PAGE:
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Episode 229: On books, history, awards and such

This has been a busy year for the Coode Street Podcast, talking to interesting guests, covering a wide-range of issues, and being syndicated by our friends at Tor.com. For a bit of change, Gary and Jonathan decided to sit down together and record an old-fashioned Coode Street Podcast, just two guys rambling about science fiction.

Topics covered, or touched on, included awards (of course), politics, the anniversary of SF classics, what makes a a work entertaining, and more.  All in all, a pretty typical episode of the podcast.  As always, we hope you enjoy the episode and will be back for more next week!
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Episode 228: John Scalzi and Alisa Krasnostein

scalzi.jpgWith Swancon 40, the 2015 Australian National Science Fiction Convention, in full swing Jonathan sat down with convention guest of honour John Scalzi and Twelfth Planet Press editor/publisher Alisa Krasnostein to discuss science fiction, community, Robert Heinlein, having just finished new novel The End of All Things and more!

As always, we'd like to thank John and Alisa for appearing on the podcast. John's next novel, The End of All Things, is out for preorder and you can support the Pozible campaign for Alisa's new project Defying Doomsday here. 
We hope you enjoy the episode!
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Episode 227: Ken Liu, Joe Monti and The Grace of Kings

graceofkings.jpgThis week Gary* is joined by award-winning author Ken Liu and Joe Monti, Executive Editor at Saga Press, to discuss Ken's exciting debut novel The Grace of Kings, his forthcoming collection The Paper Menagerie, and much more.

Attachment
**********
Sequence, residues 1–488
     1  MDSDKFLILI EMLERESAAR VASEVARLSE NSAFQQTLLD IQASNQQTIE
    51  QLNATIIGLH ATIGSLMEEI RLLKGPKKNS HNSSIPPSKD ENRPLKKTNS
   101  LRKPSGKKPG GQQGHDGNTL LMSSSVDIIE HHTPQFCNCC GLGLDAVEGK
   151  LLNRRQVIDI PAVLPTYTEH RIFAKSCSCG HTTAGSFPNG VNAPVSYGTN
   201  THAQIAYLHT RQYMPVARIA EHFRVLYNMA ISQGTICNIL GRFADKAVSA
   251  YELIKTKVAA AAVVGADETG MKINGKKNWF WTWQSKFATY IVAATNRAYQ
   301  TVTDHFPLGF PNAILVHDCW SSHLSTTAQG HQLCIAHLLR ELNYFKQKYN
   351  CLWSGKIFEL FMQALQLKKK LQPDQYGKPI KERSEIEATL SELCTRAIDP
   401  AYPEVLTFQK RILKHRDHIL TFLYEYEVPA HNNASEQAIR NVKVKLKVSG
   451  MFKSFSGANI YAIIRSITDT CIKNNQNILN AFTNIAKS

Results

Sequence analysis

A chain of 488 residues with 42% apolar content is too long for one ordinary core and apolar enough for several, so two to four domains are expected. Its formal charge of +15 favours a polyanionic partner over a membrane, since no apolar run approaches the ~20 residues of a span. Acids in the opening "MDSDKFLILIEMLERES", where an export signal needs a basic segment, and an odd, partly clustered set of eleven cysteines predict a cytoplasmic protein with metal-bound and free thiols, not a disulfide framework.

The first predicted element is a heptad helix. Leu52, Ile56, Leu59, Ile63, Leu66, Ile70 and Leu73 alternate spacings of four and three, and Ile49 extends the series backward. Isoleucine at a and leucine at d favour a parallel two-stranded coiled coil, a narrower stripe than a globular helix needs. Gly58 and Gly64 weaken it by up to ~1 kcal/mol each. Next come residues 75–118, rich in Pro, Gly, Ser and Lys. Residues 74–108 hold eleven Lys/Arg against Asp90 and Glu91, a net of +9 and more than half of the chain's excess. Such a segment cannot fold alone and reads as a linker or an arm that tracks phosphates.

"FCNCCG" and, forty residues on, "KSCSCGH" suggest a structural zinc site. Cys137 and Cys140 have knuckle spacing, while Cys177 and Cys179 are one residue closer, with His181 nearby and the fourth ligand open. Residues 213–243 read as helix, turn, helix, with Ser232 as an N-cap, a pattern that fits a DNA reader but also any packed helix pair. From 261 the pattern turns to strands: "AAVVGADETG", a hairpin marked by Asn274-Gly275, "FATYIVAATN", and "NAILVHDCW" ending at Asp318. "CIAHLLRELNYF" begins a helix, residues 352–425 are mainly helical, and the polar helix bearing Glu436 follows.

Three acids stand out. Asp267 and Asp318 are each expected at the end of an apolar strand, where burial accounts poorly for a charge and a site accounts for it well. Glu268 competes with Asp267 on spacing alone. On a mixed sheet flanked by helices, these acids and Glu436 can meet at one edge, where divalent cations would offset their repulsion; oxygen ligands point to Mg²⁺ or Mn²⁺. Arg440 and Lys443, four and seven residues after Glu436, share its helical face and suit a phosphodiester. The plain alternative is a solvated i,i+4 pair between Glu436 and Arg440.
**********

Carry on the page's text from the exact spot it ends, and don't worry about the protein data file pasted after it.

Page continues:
As always we'd like to thank Ken and Joe for making the time to talk to us. And we hope you enjoy the podcast!
The Grace of Kings is in stores next week.
* Jonathan missed this episode due to illness.
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Episode 226: Silvia Moreno-Garcia and Signal to Noise

Signal to Noise, Silvia Moreno-GarciaThis weekend Silvia Moreno-Garcia joins us to talk about her debut fantasy novel, Signal to Noise. 


Described in an upcoming issue of Locus as “one of the most important fantasy debuts of the year”, it’s an engaging and compelling story of a woman returning to her family home in Mexico for her father’s funeral, and of a time in her teens when she discovered that the right music played just the right way could change the world. 

It may be that we grew up at the right time, it may be that Meche’s past overlapped mine in just the right way, but we loved this gentle, moving book quite a bit.

If you have any interest in fantasy and music, then we think Signal to Noise is for you. It’s the best genre book about music that Jonathan has read since Lewis Shiner’s Glimpses


The publisher describes the book like this:
A literary fantasy about love, music and sorcery, set against the background of Mexico City.